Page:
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Charles Joseph Natoire (1700–1777)
The Cascade at the Villa Aldobrandini, Frascati, 1762
Pen and brown and black ink, brown wash, black and red chalk, heightened with white, on light brown paper
Inscribed by the artist in pen and brown ink, at lower left, Belvedere di Fescati; signed and dated at lower right, C. Natoire 1762.
12 x 18 1/2 inches (305 x 469 mm)
Purchased as the gift of the Fellows; 1965.18

As director of the French Academy in Rome, an office he held from between 1751 and 1775, Natoire encouraged the study of landscape draftsmanship among his students by practicing it himself. This drawing is one of a pair to which Natoire referred in a July 1762 letter to the Marquis de Marigny. Natoire indicated that he was sending Marigny two drawings—views of the cascade from opposite sides—which he had made during his visit to Frascati. These drawings may have once been part of the album of more than 106 views of Rome by Natoire sold in 1778, after his death.


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Charles Joseph Natoire (1700–1777)
A View of the Top of the Cascade at the Villa Aldobrandini, Frascati, 1762
Pen and brown ink, brown wash, black and red chalk, heightened with white, on blue paper; partial ruled border in black chalk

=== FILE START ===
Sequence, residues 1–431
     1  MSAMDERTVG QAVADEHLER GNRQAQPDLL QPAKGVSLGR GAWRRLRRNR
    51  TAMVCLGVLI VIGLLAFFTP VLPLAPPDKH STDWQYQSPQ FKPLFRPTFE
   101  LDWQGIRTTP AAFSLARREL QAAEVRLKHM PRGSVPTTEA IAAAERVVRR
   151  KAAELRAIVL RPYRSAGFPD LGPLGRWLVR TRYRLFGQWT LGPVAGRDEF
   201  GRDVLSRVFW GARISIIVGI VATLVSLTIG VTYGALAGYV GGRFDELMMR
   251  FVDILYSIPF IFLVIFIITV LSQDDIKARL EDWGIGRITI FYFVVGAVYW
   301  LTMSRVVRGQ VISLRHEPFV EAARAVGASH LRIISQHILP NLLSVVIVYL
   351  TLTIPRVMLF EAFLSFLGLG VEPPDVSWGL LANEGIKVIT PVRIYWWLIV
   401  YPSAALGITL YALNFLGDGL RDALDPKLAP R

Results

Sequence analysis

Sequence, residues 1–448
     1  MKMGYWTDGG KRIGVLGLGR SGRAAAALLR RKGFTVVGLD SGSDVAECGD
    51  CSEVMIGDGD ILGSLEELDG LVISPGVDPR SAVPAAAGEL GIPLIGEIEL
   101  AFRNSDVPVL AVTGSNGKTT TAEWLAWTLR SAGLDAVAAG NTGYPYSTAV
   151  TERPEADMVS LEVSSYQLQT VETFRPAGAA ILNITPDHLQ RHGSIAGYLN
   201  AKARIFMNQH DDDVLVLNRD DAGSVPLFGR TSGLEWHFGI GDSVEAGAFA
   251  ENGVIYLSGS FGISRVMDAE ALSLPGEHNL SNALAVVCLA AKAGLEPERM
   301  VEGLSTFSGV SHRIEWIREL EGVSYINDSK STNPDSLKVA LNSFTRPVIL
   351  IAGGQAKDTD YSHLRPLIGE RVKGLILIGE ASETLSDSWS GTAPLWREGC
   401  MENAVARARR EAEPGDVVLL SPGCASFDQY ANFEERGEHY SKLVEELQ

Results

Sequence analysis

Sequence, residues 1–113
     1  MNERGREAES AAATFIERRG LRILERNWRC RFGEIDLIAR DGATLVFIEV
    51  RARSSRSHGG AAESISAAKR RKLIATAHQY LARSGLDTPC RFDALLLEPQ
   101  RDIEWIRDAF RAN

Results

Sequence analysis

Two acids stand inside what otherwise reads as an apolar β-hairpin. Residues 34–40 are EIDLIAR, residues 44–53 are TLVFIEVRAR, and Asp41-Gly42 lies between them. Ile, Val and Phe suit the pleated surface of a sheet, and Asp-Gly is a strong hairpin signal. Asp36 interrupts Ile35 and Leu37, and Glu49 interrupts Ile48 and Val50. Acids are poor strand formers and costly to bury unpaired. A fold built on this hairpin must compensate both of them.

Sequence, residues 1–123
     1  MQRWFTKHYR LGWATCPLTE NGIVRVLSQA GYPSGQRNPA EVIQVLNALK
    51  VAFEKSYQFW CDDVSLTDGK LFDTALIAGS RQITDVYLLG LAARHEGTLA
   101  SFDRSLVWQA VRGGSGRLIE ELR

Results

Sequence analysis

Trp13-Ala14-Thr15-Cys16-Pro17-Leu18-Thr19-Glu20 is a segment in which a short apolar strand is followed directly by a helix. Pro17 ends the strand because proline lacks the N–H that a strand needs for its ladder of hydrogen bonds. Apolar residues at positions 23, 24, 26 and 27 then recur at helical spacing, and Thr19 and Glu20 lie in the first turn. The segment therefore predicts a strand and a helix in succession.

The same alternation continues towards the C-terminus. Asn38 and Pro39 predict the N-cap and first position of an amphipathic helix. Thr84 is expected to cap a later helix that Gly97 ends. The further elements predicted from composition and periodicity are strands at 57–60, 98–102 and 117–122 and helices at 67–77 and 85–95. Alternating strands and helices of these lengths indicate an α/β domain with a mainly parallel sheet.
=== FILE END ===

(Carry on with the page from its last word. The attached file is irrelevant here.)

Inscribed by the artist in pen and brown ink, at lower center, il didietro de la Cascata; signed and dated at lower right, C. Natoire 1762.
12 1/4 x 19 7/8 inches (311 x 500 mm)
Bequest of Miss Alice Tully; 1996.64

The present sheet shows the head of the cascade on the terrace above the nymphaeum, while the pendant sheet depicts the view taken from the foot of the cascade. A third view of Frascati, made earlier by the artist and dated 1755, was acquired by the Morgan in 1955 (1955.3).


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Jean-Baptiste Oudry (1686–1755)
Meeting at the Carrefour du Puits du Roi, Compiègne forest, or Le Botté du Roi (The Booting of the King), ca. 1733
Pen and point of brush and black ink and gray wash, over black chalk, heightened with white, on blue paper faded to light brown
Signed in pen and black ink, at lower left, J B Oudry.
12 9/16 x 20 9/16 inches (213 x 522 mm)
Purchased on the Edwin H. Herzog Fund with the special assistance of the International Music and Art Foundation; 1995.10

This drawing is an early design for one of the nine panels in the famous tapestry series Les Chasses royales de Louis XV, commissioned in 1733, a project on which Oudry worked for more than ten years. The final cartoon for Rendez-vous au carrefour du Puits du Roi, the first panel in the series, is now in Fontainebleau. There were two sets of tapestries made after Oudry's designs, one for the royal apartments at Compiègne (where they still hang), and one for the duke of Parma (now in the Pitti Palace, Florence).

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Background images: Photography by Todd Eberle unless otherwise noted. © 2006 Todd Eberle.